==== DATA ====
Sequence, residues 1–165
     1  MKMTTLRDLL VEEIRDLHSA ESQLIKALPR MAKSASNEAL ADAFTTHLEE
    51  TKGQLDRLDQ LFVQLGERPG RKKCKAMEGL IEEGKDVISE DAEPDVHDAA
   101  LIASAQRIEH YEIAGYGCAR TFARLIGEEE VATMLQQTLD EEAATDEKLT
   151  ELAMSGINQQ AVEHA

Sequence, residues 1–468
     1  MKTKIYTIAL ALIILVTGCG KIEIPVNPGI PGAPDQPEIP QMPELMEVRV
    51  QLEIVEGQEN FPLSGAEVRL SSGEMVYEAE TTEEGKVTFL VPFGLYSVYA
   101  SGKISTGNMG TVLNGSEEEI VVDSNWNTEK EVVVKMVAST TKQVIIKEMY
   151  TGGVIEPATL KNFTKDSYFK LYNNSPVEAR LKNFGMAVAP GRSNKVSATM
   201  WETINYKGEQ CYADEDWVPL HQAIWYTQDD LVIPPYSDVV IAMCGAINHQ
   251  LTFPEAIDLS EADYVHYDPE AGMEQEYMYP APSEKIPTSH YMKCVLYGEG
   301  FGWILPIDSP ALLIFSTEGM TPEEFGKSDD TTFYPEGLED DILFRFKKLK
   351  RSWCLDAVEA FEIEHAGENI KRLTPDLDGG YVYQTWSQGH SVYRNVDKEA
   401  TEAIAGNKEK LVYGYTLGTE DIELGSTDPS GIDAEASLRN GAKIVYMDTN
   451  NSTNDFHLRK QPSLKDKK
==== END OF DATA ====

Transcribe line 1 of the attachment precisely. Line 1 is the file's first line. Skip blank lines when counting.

Sequence, residues 1–165